take-apart, and compare                              Pictographs should include a title, categories, category label, key, and data.
problems using information       2.MP.2. Reason
presented in a bar graph.        abstractly and
(See Table 1.)                   quantitatively.

Connections: 2.RI.3; 2.RI.4;     2.MP.4. Model
2.W.2; 2.SL.2; 2.SL.3; SC02-     with mathematics.
S1C2-04; SC02-S1C3-01;
SC02-S1C3-03; ET02-S2C1-
01
Second graders should draw both horizontal and vertical bar graphs. Bar graphs include a title,
scale, scale label, categories, category label, and data.

Tucson Unified School District                                                                                                       Grade 2
Mathematics Curriculum                                                                                              Board Approved 03/27/2012
26
Additional Domain Information – Measurement and Data (MD)
Key Vocabulary
    Bar graph                          Data                   Graph                        Linear                       Pictograph
    Categories                         Dime                   Hour                         Measure,                     Quarter
    Centimeter, meter                  Dollar                 Inch, Feet, yard              measurement                  Represent
    Clock (analog and digital)         Equation               Length                       Minute                       Ruler
    Coin                               Estimate               Line plot                    Nickel                       Variable/symbol
   Penny                        Width
Example Resources

       Books
    Teaching Student-Centered Mathematics – Grades K-3 Van de Walle 2006.
    Elementary and Middle School Mathematics – Teaching Developmentally Van de Walle 2008.
    Developing Essential Understanding of Number and Numeration – Pre-K- Grade 2 NCTM. 2010.
    Focus in Grade 2 – Teaching with Curriculum Focal Points. NCTM. 2011.

       Technology
 Coin Box – Illuminations – N CTM – This activity helps students practice counting, grouping, and changing out various coins.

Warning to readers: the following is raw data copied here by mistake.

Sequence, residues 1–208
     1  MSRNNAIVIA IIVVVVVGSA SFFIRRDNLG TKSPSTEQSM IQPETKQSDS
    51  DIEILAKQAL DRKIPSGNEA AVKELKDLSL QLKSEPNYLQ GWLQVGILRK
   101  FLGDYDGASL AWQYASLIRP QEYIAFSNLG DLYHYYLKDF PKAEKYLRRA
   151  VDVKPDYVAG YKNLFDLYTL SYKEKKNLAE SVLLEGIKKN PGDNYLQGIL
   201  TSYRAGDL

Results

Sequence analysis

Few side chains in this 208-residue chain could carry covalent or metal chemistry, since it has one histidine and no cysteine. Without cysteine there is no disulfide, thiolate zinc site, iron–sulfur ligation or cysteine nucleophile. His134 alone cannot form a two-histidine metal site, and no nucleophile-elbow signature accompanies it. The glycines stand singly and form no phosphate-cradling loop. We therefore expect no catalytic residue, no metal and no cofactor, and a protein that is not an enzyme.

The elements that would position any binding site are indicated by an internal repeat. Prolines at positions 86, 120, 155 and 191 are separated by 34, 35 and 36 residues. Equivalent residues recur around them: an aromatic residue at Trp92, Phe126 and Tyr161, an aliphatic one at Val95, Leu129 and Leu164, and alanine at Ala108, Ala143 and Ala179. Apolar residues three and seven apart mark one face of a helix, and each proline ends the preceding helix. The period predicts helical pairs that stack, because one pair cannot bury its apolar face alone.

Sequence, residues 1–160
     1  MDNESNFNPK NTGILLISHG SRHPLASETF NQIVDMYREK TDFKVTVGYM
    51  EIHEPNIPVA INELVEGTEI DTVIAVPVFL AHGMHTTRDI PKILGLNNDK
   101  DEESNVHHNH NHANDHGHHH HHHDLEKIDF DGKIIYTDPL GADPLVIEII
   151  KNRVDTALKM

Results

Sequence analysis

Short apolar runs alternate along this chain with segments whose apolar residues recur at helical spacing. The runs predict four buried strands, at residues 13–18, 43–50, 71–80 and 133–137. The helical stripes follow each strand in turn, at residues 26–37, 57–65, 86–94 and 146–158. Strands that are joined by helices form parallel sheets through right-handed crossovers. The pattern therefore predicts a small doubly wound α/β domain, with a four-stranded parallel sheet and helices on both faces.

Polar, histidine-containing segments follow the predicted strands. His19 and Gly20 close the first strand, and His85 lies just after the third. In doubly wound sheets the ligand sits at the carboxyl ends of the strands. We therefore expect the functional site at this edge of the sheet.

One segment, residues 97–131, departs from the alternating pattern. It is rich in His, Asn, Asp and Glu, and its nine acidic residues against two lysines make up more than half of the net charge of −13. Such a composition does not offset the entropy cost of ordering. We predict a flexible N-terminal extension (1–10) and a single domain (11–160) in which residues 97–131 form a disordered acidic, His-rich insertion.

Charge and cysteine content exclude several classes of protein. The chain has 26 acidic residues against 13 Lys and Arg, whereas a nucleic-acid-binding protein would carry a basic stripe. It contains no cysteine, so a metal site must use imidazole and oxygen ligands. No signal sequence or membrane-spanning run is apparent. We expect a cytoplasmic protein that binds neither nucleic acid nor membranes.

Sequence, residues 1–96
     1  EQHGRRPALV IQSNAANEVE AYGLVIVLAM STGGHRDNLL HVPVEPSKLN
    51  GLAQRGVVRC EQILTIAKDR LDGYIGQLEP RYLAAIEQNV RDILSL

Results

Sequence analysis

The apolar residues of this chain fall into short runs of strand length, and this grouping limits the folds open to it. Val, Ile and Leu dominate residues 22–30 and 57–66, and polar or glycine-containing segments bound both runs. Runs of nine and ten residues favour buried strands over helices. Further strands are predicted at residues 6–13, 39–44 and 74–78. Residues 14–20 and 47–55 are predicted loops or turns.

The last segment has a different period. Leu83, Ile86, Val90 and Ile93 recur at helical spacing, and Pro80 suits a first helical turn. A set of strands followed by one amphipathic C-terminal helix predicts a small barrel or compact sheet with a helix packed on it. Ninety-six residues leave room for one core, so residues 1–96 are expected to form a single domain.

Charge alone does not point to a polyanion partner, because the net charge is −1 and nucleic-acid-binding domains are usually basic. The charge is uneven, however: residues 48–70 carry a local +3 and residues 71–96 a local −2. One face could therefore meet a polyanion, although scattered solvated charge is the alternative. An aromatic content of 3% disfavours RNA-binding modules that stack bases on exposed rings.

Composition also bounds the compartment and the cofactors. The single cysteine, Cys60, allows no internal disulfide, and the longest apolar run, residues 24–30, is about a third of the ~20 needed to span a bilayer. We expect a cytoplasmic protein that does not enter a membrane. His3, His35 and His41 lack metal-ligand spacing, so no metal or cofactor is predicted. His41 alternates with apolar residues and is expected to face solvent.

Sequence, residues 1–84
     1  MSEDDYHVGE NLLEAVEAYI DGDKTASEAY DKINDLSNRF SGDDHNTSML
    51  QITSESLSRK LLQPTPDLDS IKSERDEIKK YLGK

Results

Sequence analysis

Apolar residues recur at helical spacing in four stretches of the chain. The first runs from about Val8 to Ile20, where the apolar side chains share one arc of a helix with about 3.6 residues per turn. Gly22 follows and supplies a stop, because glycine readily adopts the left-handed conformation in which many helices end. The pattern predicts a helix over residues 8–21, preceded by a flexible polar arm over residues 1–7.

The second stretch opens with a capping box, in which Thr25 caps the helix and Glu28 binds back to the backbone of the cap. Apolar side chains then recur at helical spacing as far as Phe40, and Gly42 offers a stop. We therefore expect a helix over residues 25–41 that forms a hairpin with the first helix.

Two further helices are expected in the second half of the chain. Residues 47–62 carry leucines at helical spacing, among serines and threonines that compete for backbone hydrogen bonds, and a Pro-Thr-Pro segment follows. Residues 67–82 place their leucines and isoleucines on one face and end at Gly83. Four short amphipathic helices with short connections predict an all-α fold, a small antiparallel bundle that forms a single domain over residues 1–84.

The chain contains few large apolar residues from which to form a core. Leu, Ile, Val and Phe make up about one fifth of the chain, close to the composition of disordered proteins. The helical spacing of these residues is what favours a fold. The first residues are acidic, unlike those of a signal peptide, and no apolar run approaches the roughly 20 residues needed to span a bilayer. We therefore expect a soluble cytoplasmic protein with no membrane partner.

http://illuminations.nctm.org/ActivityDetail.aspx?ID=217
 National Library of Virtual Manipulatives, Utah State University: Bar Chart - This manipulative can be used to make a bar chart with 1 to
20 for the vertical axis and 1 to 12 bars on the horizontal axis. The colors for the bars are predetermined however users can type in
their own title for the graph and labels for the bars.
http://nlvm.usu.edu/en/nav/frames_asid_190_g_1_t_1.html?from=category_g_1_t_1.html

       Exemplary Lessons
 Illustrative Mathematics Project
http://illustrativemathematics.org/standards/k8
 ORC # 3991 From the National Council of Teachers of Mathematics: Hopping Backward to Solve Problems
In this lesson, students determine differences using the number line to compare lengths.
http://illuminations.nctm.org/LessonDetail.aspx?id=L871
 ORC # 3979 From the National Council of Teachers of Mathematics: Where Will I Land?
In this lesson, the students find differences using the number line, a continuous model for subtraction.
http://illuminations.nctm.org/LessonDetail.aspx?ID=L118
 From the National Library of Virtual Manipulatives, Utah State University: Time – Match Clocks
Students manipulate a digital clock to show the time given on an analog clock. They can also manipulate the hands on a face clock
to show the time given on a digital clock. Times are given to the nearest five minutes.
http://nlvm.usu.edu/en/nav/frames_asid_317_g_1_t_4.html?from=category_g_1_t_4.html

Tucson Unified School District                                                                                                         Grade 2
Mathematics Curriculum                                                                                                Board Approved 03/27/2012
27
Assessments
All assessments used must align with our TUSD Curriculum and hold everyone involved accountable for the important mathematical concepts of this
domain. That is, all assessments for this domain must focus on assessing the degree to which second grade learners can, within the parameters
specified in the 10 standards included in this domain,
 measure and estimate lengths in standard units,

   relate addition and subtraction to length, and

   represent and interpret data.

Both formative and summative assessments are vital components of effective mathematics curricula. Formative assessments, (e.g., pre-assessments,